PS3: To all this, currently, while I'm here in Bucharest, larger parts of the city are under quarantine due to a massive bird flue outbreak. see: "Thousands of people quarantined in Bucharest as Romania battles bird flu" (http://news.yahoo.com/s/afp/20060522/wl_afp/healthfluromania_060522183100) (from this article:" "About 40 streets have been blocked" in the Luica quarter, Inimaroiu said, urging residents to stay calm.") The Harald Ttribune writes of 60.000 people quarantined. ( "A cordon surrounded seven streets, and similar measures were in effect in another neighborhood of the city, affecting about 60,000 people.") Officials from the World Health Organization said they believed it to be the first time that the movements of so many people were restricted because of bird flu. The Romanian authorities said the tough measures were necessary when the virus threatened an urban area, an assertion WHO disputes. http://www.iht.com/articles/2006/05/24/news/romania.php). This disagreement is quite an interestng spin to the countries recent authoritarian history. My friend Barry Schwabsky asks: "Maybe the future will be, not the national security state, but the health security state." I guess it is and has been always the same, thinking about the history of Nazism where many arguments to surpress people had been hygenic, saniitary and security based.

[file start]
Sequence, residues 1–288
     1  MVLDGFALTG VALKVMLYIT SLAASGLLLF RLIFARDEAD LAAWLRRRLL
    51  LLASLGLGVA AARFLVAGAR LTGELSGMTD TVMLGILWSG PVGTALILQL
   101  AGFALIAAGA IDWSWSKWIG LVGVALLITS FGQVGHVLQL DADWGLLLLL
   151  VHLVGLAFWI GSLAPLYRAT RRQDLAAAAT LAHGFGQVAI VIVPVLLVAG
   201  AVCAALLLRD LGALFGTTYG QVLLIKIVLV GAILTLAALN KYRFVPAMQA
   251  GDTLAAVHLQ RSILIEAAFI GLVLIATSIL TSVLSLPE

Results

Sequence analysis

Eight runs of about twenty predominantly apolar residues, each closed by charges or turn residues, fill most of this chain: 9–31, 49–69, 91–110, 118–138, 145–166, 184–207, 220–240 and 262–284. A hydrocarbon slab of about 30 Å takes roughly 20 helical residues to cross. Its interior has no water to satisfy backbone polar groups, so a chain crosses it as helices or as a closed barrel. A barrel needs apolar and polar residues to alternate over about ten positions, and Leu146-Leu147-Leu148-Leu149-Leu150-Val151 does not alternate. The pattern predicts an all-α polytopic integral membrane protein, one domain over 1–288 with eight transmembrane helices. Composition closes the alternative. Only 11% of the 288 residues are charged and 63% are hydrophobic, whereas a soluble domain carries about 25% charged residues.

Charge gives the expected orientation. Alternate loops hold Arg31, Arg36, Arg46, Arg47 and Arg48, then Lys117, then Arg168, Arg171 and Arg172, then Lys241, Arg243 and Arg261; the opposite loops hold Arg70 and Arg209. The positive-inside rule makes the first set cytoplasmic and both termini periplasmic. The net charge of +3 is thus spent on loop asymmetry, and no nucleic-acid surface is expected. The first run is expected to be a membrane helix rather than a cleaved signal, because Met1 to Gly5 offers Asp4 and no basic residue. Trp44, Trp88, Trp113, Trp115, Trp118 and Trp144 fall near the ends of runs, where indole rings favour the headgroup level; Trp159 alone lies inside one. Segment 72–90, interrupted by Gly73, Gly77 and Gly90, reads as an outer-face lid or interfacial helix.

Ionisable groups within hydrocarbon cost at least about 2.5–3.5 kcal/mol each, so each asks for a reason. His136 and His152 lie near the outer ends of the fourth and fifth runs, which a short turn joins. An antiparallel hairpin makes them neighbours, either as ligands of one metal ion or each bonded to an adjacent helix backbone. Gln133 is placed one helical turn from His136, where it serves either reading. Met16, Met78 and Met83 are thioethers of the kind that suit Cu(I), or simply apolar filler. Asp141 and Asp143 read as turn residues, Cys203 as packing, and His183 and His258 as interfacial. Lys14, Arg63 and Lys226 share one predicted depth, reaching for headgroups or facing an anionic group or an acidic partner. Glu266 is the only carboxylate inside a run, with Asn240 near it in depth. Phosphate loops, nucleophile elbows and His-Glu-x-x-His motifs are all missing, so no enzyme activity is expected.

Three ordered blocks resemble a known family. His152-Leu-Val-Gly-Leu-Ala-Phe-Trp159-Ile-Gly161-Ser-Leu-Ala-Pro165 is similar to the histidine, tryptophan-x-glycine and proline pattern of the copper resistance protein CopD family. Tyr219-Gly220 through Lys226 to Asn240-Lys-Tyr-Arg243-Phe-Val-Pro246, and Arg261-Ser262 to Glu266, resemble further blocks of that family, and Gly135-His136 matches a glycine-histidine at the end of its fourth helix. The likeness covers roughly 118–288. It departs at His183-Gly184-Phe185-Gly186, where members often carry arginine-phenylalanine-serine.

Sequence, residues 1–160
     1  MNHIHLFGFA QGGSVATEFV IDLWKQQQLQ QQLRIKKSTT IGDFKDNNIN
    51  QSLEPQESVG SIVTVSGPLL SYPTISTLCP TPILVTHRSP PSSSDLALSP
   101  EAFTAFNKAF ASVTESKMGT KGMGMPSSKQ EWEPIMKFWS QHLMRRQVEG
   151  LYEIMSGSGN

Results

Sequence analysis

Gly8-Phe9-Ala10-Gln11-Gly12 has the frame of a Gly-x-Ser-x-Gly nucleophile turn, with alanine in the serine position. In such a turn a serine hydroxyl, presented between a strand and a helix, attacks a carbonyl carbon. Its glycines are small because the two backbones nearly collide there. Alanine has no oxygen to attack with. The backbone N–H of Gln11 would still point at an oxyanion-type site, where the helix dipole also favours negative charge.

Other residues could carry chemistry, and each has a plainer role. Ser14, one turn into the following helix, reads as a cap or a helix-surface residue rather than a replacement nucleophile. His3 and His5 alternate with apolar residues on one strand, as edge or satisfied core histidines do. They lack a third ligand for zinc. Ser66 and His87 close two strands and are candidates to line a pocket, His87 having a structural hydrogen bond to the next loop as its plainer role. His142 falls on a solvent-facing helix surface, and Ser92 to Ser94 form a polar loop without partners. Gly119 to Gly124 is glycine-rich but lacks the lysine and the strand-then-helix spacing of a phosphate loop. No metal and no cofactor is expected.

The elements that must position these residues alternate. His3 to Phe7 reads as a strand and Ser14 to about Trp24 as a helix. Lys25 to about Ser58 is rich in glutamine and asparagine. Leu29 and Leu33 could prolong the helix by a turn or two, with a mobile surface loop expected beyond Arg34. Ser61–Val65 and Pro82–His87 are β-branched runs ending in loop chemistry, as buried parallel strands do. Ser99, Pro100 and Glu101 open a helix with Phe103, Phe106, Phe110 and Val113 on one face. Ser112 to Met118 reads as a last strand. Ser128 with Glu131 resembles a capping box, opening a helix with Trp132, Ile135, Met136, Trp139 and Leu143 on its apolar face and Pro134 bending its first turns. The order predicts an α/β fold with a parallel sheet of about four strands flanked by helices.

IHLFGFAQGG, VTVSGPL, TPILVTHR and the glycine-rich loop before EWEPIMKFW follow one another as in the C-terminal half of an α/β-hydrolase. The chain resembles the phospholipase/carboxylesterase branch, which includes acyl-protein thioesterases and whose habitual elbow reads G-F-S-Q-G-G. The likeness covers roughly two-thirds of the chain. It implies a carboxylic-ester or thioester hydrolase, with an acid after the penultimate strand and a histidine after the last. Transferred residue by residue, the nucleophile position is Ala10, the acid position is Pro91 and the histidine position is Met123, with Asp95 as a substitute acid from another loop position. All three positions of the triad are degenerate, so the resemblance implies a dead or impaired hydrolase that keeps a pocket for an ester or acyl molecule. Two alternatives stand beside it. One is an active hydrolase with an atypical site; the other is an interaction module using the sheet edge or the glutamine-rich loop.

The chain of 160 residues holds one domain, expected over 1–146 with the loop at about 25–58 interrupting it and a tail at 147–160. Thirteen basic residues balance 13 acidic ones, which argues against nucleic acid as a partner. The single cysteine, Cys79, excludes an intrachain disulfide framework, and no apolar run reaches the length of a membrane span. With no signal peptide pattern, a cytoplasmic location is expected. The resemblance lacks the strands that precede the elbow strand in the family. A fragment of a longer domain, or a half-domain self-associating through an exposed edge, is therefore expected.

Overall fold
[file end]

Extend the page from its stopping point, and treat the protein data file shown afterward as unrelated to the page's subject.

this is a police man who first yealled at me in Romanian.. and hten used his wissel to make me stop
but given this project, I had to ignore him and just continued...
video clip (excerpt) -- 2: 44 min
a word by Gregory Volk on this project form the press release of his group show at Tanja Bonakdar, 2007
"Rainer Ganahl’s video The Apprentice in the Sun shows one of his precarious bicycle rides performed against ferocious city traffic (this time in Bucharest), presented along with a neon work inspired by a Marcel Duchamp drawing with the same title. The Bucharest ride is one in an ongoing series of “performative exercises,” in which Ganahl cycles between two historically and politically significant locations in a metropolis, always against motorized traffic and in an utterly vulnerable position as he is riding free-handed while holding his camera above. Ganahl is like a Tour de France rider who has taken a very wrong turn, or a stuntman who has inexplicably moved from the circus into the city. Going against the grain as a Western visitor in post-Cold War Romania also highlights the prevalence of intercultural misunderstanding in this era, but what’s most alarming (and darkly humorous) is how a simple bicycle trip becomes a life-threatening act. Ganahl’s work also subtly calls for risk-taking and new directions in both an ecological and political sense. "